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Educated By Design Blog

How Can You Innovate Beyond The Buzz? 4 Ways You Can Make It Happen In Your Class.

Michael Cohen

 

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I believe that school should be about helping students become passionate, thoughtful, and intentional individuals who are capable and driven seekers of knowledge. In short, they want to learn something new everyday and love it. I cannot remember the last time I went a day without learning something new. We live in a new generation where the entire scope of human knowledge fits in your pocket and it's awesome. That's why students today are so disengaged with memorizing facts for a test that could all be Googled in under 5 minutes. Someone once said, I believe it was Alice Keeler, that “if your test questions are Googleable, then they're no longer relevant”. I didn’t coin this phrase but it's awesome mantra to help drive change in education.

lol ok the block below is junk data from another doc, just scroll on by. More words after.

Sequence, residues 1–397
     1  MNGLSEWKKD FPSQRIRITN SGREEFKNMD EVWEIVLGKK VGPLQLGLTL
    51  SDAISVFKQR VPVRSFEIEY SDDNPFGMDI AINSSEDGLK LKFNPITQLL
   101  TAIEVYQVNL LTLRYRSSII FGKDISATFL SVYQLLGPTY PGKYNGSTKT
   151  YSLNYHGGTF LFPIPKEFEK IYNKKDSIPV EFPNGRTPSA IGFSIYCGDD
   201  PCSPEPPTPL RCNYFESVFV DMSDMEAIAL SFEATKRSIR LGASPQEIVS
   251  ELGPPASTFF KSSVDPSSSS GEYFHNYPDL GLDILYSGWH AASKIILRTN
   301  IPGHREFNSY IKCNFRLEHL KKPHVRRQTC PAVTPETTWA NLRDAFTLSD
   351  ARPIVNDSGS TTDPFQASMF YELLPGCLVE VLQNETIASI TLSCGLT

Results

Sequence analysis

So now what do we do? What were we trying to do? What's the essence of these exercises? If the goals were to strengthen critical thinking and applied knowledge then just design a new approach. THAT’S where technology comes into play. THAT’S where the “magic” occurs.

Without today’s technology, such a dream is nearly impossible and we’re stuck memorizing the periodic table and the preamble. “We the people in order to form a more perfect union…”. Still got it. This is why developing a mindset that focuses not on technology itself, but effective integration that is intentional and purposefully driven is so critical. There are many mindsets, approaches, and frameworks out there, but for me, I am constantly looking for the core or root of any challenge or experience. 

Now there are frameworks out there such as SAMR, TPACK, and RAT. They're serve a purpose and not to discredit them, but I still find these models and approaches leave room for ambiguity and can be hijacked to serve a purpose they were not designed for.

When looking for the right mindset, I looked outside of the classroom at entrepreneurs, creative professionals, and startups. You rarely see these fields relying on worksheets and pop quizzes although there is a place for such assessment, those are rarely if ever going to make learning memorable and appreciated. I hope that anyone reading this will agree that while learning can always be “fun and exciting” it should be appreciated because its purpose and value is understood. As I said before, I feel that a mindset must reach the C.O.R.E. of any situation and that is why I focus on:

 

  • Collaboration  
  • Open-Mindedness
  • Risk-Taking
  • Exploration